After the hunt for the white-stalked puffball on 22nd August 2018 (‘Counting the white-stalked puffball’), we took ourselves in the afternoon about 1km north along the Stronchrubie cliffs to check out two of the rarest ferns in Scotland.
Both were originally discovered by Alan Stirling, an Ayrshire botanist with a love for the north-west. In 1951 he came across a stand of the limestone fern or limestone oak fern Gymnocarpium robertianum. This wasat the base of the Creag Sron Chrubaidh (NC250202) and the first time it had been found in Scotland. It resembles the much commoner oak fern G. dryopteris, but is less markedly tripartite and has a glandular grey-green frond. It is widespread on limestone in England and Wales, but has only been reported since from two other localities in Scotland, one in Easter Ross (where it has not been seen since 1980) and the other in mid-Perthshire.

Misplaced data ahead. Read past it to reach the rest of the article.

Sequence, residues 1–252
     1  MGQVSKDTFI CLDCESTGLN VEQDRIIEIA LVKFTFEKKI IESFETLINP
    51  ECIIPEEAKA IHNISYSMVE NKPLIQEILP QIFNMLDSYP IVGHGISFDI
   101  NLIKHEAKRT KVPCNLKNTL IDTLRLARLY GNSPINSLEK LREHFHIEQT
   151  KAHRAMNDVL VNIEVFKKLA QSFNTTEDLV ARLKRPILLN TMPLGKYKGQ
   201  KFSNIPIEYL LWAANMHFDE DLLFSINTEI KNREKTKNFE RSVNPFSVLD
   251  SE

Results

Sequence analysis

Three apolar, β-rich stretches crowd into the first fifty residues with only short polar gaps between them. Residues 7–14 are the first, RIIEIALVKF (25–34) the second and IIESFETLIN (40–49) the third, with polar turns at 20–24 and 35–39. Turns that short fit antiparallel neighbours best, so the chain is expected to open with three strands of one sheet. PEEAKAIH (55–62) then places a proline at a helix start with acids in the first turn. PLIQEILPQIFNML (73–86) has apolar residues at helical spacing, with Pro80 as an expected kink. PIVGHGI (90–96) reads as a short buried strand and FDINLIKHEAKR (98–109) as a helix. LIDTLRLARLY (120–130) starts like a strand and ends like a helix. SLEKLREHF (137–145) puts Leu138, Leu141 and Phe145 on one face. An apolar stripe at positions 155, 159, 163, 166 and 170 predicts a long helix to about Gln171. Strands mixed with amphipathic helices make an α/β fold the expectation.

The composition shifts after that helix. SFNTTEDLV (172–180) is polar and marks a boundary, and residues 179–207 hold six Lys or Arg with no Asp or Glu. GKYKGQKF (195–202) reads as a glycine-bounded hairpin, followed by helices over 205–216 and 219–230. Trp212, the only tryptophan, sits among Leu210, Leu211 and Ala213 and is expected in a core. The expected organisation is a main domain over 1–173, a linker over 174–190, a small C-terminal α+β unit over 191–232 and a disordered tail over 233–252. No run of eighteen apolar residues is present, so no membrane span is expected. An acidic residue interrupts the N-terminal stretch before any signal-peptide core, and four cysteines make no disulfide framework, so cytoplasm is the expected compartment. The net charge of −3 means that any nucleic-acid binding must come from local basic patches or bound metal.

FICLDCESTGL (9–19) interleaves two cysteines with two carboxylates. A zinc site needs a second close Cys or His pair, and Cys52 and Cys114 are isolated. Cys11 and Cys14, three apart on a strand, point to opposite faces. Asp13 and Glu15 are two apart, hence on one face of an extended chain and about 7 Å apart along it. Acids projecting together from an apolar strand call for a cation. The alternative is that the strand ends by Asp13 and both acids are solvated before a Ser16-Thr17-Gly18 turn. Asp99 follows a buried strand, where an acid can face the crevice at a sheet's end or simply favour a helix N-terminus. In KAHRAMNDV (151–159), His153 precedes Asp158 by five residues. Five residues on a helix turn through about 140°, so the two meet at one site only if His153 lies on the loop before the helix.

The Assynt stand was last visited on 29thAugust 2009, during a field meeting of the British Pteridological Society. We were able to confirm that it is flourishing, right at the foot of the crag, in a dense patch covering some ten square metres. We did manage to make a photographic record, albeit in deteriorating weather.
The limestone fern occurs, in smaller quantity, lower down the steep slope below the crag, in limestone scree. Here it is accompanied by the alpine hybrid shield-fern Polystichum x illyricum, whose parents, holly fern P. lonchitis and hard shield-fern P. aculeatum, are both plentiful nearby. The hybrid can be quite variable, so is easiest to recognise in the presence of its parents. All are protected from grazing by the unstable nature of the scree.
Alan Stirling found this hybrid over two decades later, in 1973. It is even rarer than the limestone fern, with just one other locality in Assynt, an exclosure behind Inchnadamph (NC2619) where four of us found it on 3rdJuly 1992, four localities in Perthshire and two in Ireland.
Ian Evans and Gwen Richards